Tuesday, October 11, 2005

Critical Condition: Cullum! Rusby! Deerhoof! Castanets!

Another week, another new release Tuesday! I haven't heard any of these records yet, but here are four new disc that I'm keeping my eye on:

Jamie Cullum's new album, Catching Tales, is the follow-up to his smash debut, Twentysomething-- one of last year's most pleasurable, enduringly delightful debuts. Matt Collar makes this new disc sound like a worthy sequel:

...despite some ill-advised attempts at would-be-hip DJ-style tracks, Catching Tales features more of Cullum's superb songwriting. Essentially a singer/songwriter in the tradition of such icons as Billy Joel and Randy Newman, Cullum is at his best when performing simple melodic songs with some jazz harmony that make the most of his burnished croon and verbal wit. To these ends, the beautifully melancholy "London Skies" brings to mind Joe Jackson covering a Radiohead song. Similarly, the romantic and folky "Photograph" reveals the often sardonically snotty Cullum to be a top-notch balladeer. It's also at these soft rock moments, when he isn't attempting to gun down the jazz canon, that Cullum's improvisation sounds the best. Also impressive is his mid-tempo swing-cum-soul track "Nothing I Do," which marries Harry Connick, Jr.'s neo-croon to Stevie Wonder's R&B harmonies.

Thanks to Jeffrey Overstreet for catching this next one:

Like Overstreet, I enjoyed Kate Rusby's last album, Underneath the Stars, but I had no idea she had a new record out so soon. More information at the Looking Closer Journal.

And speaking of looking closer... I have yet to hear a single song by Deerhoof, but the rave reviews for their latest disc, The Runners Four, are making me eager to give 'em a spin. Not only does Pitchfork love it, but AMG's Heather Phares says:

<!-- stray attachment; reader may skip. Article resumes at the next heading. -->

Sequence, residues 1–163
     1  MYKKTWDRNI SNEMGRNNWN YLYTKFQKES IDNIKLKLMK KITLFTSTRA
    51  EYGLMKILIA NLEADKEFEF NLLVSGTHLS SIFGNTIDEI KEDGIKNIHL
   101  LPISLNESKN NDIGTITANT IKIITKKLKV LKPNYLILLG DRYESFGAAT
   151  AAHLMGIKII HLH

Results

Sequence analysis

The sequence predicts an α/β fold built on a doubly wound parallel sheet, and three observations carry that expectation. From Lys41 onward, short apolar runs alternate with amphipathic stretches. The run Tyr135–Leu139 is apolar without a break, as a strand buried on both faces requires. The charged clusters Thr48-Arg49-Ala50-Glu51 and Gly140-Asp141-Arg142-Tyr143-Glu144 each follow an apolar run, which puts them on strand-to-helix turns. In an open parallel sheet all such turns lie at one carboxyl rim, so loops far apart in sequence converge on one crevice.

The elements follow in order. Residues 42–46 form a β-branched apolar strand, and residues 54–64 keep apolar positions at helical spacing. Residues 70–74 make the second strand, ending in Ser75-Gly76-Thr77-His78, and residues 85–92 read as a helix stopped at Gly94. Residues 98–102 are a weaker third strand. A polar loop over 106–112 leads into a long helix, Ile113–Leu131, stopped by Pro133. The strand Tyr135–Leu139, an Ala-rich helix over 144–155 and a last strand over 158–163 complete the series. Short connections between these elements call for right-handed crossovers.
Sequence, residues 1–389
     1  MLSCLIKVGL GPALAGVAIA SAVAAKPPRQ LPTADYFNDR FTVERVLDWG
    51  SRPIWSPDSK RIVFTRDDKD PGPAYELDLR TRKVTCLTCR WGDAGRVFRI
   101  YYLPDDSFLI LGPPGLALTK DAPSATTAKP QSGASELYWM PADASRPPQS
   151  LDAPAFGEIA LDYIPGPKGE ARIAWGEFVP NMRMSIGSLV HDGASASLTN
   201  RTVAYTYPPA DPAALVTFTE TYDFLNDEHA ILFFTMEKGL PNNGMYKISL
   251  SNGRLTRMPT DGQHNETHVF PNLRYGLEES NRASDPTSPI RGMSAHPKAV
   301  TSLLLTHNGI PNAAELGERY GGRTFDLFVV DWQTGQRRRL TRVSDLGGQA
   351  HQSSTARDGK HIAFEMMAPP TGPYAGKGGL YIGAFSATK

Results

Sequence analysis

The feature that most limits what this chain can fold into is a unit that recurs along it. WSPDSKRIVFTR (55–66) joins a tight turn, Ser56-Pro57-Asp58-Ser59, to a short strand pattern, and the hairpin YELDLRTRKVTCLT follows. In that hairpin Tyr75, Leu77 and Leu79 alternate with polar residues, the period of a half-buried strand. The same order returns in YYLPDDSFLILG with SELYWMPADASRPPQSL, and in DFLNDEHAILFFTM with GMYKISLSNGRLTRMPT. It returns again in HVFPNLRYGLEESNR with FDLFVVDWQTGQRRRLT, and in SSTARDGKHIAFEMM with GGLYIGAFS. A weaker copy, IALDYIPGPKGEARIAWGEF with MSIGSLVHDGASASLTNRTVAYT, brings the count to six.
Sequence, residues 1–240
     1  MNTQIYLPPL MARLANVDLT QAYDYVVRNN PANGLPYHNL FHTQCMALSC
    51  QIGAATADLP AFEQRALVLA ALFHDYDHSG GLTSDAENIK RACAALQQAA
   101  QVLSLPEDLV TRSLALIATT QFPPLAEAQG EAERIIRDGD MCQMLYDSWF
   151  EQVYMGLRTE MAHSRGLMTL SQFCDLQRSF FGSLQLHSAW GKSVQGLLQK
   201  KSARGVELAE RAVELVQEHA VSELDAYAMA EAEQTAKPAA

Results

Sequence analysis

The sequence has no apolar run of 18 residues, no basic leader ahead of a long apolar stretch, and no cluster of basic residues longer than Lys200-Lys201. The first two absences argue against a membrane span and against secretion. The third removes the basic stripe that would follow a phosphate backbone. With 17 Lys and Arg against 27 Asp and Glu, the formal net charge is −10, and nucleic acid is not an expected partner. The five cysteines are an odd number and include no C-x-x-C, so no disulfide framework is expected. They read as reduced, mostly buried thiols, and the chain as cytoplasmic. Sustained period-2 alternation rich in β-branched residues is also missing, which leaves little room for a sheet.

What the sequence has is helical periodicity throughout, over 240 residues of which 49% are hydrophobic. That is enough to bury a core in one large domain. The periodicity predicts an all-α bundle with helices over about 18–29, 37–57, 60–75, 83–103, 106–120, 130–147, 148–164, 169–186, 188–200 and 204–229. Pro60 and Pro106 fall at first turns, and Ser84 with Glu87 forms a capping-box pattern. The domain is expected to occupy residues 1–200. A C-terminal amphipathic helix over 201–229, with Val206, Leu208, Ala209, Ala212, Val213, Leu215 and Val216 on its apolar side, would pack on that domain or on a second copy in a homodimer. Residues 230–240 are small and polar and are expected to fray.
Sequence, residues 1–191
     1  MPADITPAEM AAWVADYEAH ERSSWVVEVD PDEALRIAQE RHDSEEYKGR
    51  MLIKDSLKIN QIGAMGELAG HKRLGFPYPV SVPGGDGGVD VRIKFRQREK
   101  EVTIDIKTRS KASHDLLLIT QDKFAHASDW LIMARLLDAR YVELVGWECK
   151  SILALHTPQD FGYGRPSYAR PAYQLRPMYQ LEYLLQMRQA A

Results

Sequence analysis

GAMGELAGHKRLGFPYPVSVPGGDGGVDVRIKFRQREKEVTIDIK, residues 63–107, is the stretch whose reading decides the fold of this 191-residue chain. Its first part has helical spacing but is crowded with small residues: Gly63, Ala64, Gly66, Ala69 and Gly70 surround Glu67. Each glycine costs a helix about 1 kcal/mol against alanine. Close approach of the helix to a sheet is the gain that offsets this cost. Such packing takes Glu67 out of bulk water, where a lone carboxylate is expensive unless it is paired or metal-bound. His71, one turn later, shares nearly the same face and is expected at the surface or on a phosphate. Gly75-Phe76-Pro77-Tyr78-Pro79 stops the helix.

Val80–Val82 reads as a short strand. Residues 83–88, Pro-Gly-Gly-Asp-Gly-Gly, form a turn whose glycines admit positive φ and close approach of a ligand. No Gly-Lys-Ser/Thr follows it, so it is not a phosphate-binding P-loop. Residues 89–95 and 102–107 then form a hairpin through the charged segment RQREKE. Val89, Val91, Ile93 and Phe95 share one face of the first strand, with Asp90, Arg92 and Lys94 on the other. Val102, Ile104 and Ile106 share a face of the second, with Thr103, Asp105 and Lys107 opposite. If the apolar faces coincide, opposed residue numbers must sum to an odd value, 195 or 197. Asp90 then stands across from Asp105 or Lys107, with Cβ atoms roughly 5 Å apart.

While it's not as clearly conceptual as Milk Man was, The Runners Four also seems to tell an extended, if fractured, story involving murderous twin beauties, spies, pirates and smugglers. There's a lot to look and listen for in The Runners Four; it's Deerhoof's longest, most eclectic work yet, and more proof that the band can expand their sound without losing what makes them special.

Finally, another band that I have yet to hear is the Castanets, but the very fact that they're signed to Sufjan Stevens' label makes me feel obligated to mention them here. And just check out this review:

As intense and searching as their first album and even more ambitious, Castanets' First Light's Freeze moves beyond the spiritual crises of Cathedral to work through the difficulties of war and friendship. Even as the group uses some of the same structural techniques from Cathedral, such as the interludes that introduced and punctuated sets of songs, Castanets explore and experiment with their sound in ways that couldn't have been conceived of based on their debut. Though both albums share a similarly charged but quiet, late-night intensity, with different themes come a different sonic palette. Keyboards, saxophones, and tick-tocking drum machines join the subversive country and folk influences of Cathedral for an even more dramatic meeting (and sometimes, collision) of old and new sounds.


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